Editor’s Note: This is the third part of a series regarding whether to once again add fluoride in Lebanon’s water supply. The Wilson Post on Friday will look at possible health risks versus health benefits of adding fluoride in the city’s water.
Lebanon is one of the only local water municipalities that chooses not to fluoridate their water, an issue which has created controversy over the past few months.
According to the Tennessee Department of Environment and Conservation, approximately 296 of 490 community water systems in Tennessee are fluoridated. Thirty-one systems have stopped fluoridation since 2006, Lebanon being one of those.
The most cited reasons listed for stopping fluoridation are cost, availability and risks versus benefits decisions.
Lebanon stopped its fluoridation process in September 2007 citing difficulty in finding quality powdered sodium silicafluoride after Hurricane Katrina. The inferior quality of Chinese-manufactured fluoride caused serious malfunctions with the feed system’s equipment, according to a report written by Lebanon Commissioner of Public Works Jeff Baines and city Waterworks Superintendent J.C. York.
If city officials decide in the future to reinstitute fluoride back into the city’s water, York, along with Baines, have recommended installing new equipment for implementing liquid fluorosilicic acid into the water supply.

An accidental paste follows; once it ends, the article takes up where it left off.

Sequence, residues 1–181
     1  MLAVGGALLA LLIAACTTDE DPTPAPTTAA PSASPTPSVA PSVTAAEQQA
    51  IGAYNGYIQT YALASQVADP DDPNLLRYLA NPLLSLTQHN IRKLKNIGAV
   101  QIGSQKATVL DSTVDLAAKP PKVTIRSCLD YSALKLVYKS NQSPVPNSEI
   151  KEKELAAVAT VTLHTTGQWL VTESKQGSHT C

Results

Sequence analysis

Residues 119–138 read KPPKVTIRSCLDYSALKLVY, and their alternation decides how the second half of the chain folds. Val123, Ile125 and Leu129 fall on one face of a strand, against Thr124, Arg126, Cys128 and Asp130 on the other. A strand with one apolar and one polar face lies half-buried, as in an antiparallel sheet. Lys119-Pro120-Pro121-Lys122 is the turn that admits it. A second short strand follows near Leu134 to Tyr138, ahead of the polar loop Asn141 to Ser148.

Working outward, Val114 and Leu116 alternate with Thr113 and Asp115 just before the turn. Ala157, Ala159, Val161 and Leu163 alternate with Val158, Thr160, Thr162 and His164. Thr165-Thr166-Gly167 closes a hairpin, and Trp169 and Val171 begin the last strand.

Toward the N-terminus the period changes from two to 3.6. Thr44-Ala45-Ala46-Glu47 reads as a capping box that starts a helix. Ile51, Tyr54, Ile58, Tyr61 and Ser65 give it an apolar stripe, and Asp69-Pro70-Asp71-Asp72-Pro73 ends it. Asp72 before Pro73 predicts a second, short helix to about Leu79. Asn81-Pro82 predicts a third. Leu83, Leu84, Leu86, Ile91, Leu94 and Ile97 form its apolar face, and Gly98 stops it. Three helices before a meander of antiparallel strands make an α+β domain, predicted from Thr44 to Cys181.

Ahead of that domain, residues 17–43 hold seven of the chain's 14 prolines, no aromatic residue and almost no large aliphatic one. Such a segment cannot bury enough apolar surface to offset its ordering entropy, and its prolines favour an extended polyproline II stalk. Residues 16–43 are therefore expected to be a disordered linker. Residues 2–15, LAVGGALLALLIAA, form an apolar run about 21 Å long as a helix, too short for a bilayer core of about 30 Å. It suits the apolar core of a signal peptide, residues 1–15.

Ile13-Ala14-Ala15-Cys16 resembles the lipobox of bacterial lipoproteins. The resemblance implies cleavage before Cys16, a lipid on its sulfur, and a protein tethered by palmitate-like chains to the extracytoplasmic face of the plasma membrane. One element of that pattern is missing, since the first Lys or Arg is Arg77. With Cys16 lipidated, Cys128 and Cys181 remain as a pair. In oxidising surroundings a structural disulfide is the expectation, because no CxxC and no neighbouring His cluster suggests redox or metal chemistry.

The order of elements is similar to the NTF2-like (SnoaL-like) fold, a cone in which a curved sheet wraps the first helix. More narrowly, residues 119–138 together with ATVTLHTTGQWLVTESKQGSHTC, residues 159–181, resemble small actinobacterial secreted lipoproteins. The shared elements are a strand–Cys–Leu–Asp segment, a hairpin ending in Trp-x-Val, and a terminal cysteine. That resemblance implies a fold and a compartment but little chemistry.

Neighboring cities and utility districts such as Murfreesboro, Gladeville, Gallatin, Hendersonville and Franklin all put a fluoride additive into their water supply, most in the liquid form of fluorosilicic acid.
“The ability to fill the tanks with the least amount of human contact with the chemical makes the liquid form safer,” said Tennessee Association of Utility Districts Executive Director Bob Freudenthal. TAUD serves nearly 400 public and private community water systems.
Only Gallatin currently uses the powdered sodium silicafluoride in its water and has since 1981, according to a source there.
The powdered form is the same type used by Lebanon until 2007. The powdered chemical wreaked havoc with plant machinery, etched glass windows and prematurely corroded metal pipes and concrete walls and floors, York said.
All of the neighboring utility districts have begun using the liquid fluorosilicic acid within the past five years.
And according to other local utility districts, both forms of fluoride available to water treatment facilities can be found originating from American plants, limiting the need to use inferior overseas products.
Both TDEC and TAUD neither recommend nor oppose fluoridating water systems. They also don’t recommend one form of fluoride, powdered or liquid, over the other, according to their respective representatives.
The question to fluoridate or not to fluoridate remains solely with Lebanon city officials.
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• Jan 15, 2010: Continuing fluoridation in city water could cost $100K